Google: Brillo & Weave

What is it?

Brillo – Brillo is Google’s underlying operating system for the Internet of Things. It’s a stripped down version of Android that will run on low-power, IoT devices. Brillo was announced in June 2015 and while it will work with Nest, it is not part of the Nest division. It will work on top of a variety of radio technologies such as Wi-Fi and Bluetooth LE, and because it was developed with some input from Nest, most likely Thread too.

Weave – Brillo also comes hand-in-hand with Google’s new communications platform called Weave (embedded in the Brillo OS), which is the command language that Google hopes will become a de-facto standard that all IoT devices are built to understand. Weave enables device setup, phone-to-device-to-cloud communication, and user interaction from mobile devices and the web. The chief benefit is allowing a ‘standardised’ way for consumers to set up devices.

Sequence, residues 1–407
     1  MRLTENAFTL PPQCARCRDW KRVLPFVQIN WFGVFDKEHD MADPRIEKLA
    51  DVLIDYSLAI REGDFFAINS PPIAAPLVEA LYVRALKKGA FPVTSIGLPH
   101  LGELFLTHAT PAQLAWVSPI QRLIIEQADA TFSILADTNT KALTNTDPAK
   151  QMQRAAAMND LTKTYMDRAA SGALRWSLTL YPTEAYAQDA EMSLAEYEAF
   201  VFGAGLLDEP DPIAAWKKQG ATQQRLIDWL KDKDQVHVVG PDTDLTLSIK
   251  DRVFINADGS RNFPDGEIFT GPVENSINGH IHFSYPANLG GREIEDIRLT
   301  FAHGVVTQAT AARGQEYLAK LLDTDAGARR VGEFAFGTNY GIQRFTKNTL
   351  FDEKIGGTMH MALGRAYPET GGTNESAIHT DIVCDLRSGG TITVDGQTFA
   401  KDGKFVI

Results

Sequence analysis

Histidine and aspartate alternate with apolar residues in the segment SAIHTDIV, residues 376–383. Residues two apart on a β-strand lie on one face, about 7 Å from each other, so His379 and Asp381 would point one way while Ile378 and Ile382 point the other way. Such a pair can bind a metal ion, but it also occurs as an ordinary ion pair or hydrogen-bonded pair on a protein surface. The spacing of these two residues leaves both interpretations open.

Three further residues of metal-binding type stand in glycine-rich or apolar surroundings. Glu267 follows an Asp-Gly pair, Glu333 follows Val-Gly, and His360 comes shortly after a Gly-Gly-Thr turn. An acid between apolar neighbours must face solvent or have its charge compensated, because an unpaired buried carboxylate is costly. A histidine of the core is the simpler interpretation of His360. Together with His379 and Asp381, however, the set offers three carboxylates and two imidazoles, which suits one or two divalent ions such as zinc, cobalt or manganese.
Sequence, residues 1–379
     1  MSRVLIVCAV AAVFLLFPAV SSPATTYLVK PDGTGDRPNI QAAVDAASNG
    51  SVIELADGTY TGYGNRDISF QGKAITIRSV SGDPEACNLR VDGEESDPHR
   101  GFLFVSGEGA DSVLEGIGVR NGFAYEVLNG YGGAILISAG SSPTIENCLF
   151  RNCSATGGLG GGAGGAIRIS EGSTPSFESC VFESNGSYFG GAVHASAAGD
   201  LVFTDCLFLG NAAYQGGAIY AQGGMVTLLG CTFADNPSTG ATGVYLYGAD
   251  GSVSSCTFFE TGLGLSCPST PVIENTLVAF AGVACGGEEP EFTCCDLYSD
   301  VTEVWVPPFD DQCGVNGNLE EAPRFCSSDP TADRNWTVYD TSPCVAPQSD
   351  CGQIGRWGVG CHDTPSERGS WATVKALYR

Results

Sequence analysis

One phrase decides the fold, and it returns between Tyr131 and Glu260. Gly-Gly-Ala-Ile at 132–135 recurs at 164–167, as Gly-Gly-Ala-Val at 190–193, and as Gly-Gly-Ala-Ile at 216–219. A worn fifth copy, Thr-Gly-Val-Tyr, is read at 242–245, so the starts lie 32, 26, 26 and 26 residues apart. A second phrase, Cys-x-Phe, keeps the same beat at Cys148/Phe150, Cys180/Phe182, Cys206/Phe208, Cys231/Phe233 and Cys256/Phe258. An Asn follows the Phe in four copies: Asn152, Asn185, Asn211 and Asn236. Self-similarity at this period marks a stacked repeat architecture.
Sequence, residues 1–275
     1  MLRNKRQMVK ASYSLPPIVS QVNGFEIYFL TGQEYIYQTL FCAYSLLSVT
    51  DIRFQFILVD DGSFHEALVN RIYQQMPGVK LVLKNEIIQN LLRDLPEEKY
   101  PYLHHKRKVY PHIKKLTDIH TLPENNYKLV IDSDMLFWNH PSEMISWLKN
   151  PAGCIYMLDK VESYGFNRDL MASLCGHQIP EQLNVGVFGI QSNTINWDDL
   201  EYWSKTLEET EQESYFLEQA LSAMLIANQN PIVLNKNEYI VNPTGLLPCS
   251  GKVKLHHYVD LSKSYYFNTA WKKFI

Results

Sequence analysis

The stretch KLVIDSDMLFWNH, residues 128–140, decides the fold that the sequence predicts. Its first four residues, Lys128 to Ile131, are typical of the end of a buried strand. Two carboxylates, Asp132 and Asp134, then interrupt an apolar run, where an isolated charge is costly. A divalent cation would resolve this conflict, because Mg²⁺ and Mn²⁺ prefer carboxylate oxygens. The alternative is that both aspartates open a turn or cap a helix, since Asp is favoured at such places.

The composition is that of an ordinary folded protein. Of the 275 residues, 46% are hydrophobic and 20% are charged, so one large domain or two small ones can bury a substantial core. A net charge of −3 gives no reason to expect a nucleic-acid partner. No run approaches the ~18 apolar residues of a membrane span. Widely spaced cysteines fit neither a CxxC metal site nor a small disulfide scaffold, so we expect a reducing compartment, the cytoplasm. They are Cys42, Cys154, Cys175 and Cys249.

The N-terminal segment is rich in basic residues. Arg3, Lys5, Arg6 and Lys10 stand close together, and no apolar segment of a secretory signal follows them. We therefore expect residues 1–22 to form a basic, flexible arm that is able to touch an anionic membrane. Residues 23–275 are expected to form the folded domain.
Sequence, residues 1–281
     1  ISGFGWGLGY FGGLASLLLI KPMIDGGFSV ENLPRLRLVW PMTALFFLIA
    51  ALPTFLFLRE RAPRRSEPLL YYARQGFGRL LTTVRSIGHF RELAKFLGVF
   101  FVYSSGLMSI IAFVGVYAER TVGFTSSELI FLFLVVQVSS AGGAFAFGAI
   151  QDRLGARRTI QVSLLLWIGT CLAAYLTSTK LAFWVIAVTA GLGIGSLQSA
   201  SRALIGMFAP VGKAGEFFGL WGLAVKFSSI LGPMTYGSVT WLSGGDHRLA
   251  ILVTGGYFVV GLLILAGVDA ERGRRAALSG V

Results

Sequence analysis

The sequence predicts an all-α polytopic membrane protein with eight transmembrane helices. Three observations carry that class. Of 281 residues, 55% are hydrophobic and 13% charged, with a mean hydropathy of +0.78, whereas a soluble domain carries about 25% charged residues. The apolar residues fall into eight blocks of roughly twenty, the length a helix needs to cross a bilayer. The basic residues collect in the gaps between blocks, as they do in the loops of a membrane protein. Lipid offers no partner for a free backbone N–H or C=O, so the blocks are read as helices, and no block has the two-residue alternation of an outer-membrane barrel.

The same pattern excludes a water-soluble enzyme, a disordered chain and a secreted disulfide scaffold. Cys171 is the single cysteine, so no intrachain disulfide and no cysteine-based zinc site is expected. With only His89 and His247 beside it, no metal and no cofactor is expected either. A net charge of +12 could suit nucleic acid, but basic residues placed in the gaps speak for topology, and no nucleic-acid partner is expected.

Weave works with Brillo, but it will also work with other operating systems. Weave isn’t a radio standard competitive to Zigbee, Z-Wave or Thread. It sits on top of existing radio standards.

Brillo Products

Brillo is a very new entry in the IoT platform market with the first products being announced only recently at CES 2016 from Asus, Kwikset, Marvell and Harman. But with the power of Google behind it, this list is likely to grow fast. Brillo devices will also work with Nest.

Google will also introduce a Weave certification program, in a similar way to other platform makers, so all devices will be able to communicate regardless of developer.


It’s Google. Brillo is built on Android, so already widely used has wide hardware support and already familiar to developers.


It’s Google. This may put some people off particularly when it comes to privacy (Weave requires the consumer to have a Google account). Some might argue that Brillo is unnecessary, since Weave will work without it, and it is Weave that appears to be Google’s attempt to create a standard, i.e. their response to Apple HomeKit. In addition, will its ownership of Nest, another competing platform, confuse?

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